This Thing Reveals the Inner World of Pyramids
X-rays are a type of invisible radiation that can pass through our bodies and objects. They’re very important in the field of medicine because they allow doctors to see inside our bodies without having to perform surgery. Now, let’s dive into how X-rays work! They are a kind of electromagnetic radiation, just like light or radio waves.
However, they have much higher energy than light, which makes them able to go through objects that light cannot. Imagine you have a powerful flashlight. If you try to shine it through a wall, the light won’t go through because the wall is too thick. But these rays have enough energy to go through walls and even our bodies!
The discovery of X-rays happened by accident in the late nineteenth century. A scientist was experimenting with cathode [ka-thowd] rays, which are a type of radiation. He was working in his lab and noticed that a nearby fluorescent screen started to glow even though it was not directly exposed to the cathode rays.
He realized that something invisible was causing the fluorescence, and he named it “X-ray” because “X” is the mathematical symbol for something unknown. He continued experimenting with such rays and discovered that they could pass through many objects, like flesh and bones, but not through denser materials like metal. He also found that X-rays could create images on photographic plates, just like a camera takes pictures.
The way this works is quite fascinating. Imagine you’re standing in front of a bright light, and you hold your hand in front of your face. Your hand blocks the light, and you can’t see through it. But if you place a sheet of tissue paper in front of your hand, some light will pass through, and you’ll be able to see the outline of your hand.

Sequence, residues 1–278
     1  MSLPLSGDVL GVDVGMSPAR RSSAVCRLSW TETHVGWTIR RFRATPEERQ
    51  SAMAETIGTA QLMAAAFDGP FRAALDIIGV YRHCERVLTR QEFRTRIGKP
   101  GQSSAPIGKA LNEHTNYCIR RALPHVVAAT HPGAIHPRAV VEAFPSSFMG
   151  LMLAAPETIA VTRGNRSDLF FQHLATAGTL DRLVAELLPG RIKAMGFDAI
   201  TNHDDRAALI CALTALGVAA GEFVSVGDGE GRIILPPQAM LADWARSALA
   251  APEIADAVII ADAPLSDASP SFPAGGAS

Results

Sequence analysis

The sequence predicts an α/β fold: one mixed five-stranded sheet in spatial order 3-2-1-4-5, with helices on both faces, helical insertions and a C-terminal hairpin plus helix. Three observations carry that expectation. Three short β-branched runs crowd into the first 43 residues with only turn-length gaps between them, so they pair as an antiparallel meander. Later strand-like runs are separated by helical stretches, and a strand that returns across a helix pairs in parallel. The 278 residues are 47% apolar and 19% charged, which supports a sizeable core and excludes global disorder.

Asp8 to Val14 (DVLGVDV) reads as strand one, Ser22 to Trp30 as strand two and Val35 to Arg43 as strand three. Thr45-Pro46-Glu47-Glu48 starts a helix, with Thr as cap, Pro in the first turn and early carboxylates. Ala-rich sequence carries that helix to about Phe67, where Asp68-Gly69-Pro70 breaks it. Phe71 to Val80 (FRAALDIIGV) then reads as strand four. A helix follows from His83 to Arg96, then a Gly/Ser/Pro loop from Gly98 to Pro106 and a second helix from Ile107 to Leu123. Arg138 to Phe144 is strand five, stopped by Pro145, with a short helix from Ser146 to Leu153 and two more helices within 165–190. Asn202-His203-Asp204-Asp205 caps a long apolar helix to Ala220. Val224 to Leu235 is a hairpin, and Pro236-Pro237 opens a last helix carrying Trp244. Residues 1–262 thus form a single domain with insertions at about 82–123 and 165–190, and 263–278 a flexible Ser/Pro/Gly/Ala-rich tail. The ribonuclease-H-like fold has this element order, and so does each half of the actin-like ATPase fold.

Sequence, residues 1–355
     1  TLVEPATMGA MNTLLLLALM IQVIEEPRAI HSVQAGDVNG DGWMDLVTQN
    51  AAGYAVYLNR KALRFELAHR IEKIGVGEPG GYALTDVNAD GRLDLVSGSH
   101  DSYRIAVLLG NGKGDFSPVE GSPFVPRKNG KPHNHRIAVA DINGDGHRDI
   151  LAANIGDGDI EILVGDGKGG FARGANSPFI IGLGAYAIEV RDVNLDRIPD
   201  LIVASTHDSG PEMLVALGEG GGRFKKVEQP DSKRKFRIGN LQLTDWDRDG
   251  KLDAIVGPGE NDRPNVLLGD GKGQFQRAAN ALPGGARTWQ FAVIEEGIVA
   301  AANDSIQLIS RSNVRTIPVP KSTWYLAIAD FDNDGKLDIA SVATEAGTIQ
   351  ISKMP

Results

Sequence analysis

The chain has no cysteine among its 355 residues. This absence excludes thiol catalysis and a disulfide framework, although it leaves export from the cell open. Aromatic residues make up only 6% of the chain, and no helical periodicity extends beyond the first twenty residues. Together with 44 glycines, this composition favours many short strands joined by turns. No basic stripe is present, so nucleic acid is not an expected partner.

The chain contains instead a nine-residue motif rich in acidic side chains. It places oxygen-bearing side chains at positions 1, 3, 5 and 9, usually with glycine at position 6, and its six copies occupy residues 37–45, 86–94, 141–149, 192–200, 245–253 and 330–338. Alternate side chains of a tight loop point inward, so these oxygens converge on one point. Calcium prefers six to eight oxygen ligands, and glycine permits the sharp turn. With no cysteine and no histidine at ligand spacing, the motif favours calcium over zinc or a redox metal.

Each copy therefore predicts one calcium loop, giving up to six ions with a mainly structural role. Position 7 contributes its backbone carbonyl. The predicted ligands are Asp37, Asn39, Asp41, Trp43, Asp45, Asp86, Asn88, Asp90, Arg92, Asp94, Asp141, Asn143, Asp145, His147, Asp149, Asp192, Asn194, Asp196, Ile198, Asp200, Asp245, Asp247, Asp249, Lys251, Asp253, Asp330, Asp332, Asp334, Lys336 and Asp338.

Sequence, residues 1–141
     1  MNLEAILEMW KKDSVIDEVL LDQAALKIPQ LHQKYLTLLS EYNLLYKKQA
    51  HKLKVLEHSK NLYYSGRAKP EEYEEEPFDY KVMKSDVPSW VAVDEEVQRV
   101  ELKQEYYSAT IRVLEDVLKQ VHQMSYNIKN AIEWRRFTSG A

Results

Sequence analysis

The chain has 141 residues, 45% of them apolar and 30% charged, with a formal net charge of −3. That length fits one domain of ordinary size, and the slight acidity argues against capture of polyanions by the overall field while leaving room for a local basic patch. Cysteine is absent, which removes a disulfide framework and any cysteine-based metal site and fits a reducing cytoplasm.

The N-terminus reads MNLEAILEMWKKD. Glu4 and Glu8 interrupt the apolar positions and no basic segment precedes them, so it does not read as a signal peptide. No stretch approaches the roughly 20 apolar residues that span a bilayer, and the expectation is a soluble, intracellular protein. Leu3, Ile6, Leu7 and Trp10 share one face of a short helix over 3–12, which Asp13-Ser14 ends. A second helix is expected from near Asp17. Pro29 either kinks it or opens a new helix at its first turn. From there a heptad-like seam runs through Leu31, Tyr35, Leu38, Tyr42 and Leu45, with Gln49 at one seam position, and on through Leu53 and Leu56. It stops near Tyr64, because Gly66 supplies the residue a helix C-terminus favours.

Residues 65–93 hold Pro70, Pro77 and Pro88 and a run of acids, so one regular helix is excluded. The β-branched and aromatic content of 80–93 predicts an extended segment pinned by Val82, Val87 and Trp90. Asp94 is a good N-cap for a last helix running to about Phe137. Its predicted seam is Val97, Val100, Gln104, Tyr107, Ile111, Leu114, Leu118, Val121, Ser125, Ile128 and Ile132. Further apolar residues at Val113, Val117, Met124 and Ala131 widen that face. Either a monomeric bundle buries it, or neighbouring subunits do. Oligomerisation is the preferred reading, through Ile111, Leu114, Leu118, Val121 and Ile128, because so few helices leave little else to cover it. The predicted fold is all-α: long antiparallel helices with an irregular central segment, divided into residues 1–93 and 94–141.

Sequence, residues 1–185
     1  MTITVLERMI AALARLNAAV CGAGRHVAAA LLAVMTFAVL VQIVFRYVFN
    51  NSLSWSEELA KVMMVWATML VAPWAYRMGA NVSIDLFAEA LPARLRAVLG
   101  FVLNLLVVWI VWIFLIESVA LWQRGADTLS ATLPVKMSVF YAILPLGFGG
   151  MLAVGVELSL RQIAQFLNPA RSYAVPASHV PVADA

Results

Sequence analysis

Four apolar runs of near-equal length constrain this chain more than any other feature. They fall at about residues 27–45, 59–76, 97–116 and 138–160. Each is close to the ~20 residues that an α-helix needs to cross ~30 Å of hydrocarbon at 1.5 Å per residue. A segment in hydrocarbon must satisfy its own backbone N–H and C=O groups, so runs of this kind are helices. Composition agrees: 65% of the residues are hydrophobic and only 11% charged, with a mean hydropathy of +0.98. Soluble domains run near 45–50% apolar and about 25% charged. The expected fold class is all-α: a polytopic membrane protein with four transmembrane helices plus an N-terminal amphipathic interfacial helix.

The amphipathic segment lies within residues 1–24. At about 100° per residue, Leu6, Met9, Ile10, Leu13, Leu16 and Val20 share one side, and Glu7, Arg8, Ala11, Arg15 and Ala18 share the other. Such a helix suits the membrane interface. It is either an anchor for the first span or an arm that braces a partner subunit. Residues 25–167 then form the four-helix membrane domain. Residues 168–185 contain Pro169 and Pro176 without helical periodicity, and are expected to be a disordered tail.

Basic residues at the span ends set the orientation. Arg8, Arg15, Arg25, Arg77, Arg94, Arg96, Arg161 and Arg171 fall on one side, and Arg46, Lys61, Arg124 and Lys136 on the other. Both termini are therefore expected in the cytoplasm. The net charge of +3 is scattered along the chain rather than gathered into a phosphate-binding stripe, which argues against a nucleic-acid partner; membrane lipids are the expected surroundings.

X-rays work in a similar way. When a doctor wants to take an X-ray of a part of your body, they will ask you to stand or lie down next to a machine. This device has a special plate that can capture the image. Let’s say the doctor wants to further examine your arm. They will place the X-ray plate on one side of your arm, and the machine on the other side.
Then, the machine will produce a controlled burst of X-rays that pass through your arm. Remember how we talked about the tissue paper allowing some light to pass through? Well, in this case, some of those rays will go through your arm, while others will be absorbed or blocked by the denser parts of your body, like bones. The plate captures the X-rays that pass through your arm, and it creates an image. This image shows the bones and other structures inside your body, allowing the doctor to see if there are any problems or injuries.
Now, you might be wondering why X-rays can pass through some things but not others. It has to do with the density and composition of the objects. Denser materials like bones absorb more X-rays, so they appear white in the image. So, when you look at the result, you’ll see your bones as white shapes. Other tissues, like muscles and organs, are less dense and allow some of those rays to pass through, so they appear as gray shadows.
What if I told you there’s a whole new way you can peek inside objects, but without using X-rays? I’m not talking about magic powers. Take a comfortable seat while I explain what Muography [myoo-aa-gruh-fee] is. This fascinating scientific technique allows us to “see” inside objects and even beneath the Earth’s surface using a special type of particle called a muon [myoo-aan]. These elementary particles are very similar to electrons, but they are much heavier. They are created high up in the Earth’s atmosphere when cosmic rays, which are particles coming from space, collide with the air molecules.
Now, muons are special because they can pierce through different materials. They can pass through rock, soil, and even buildings! Scientists realized this potential back in the nineteen fifties when they were studying cosmic rays and noticed that some of the particles could pass through thick materials.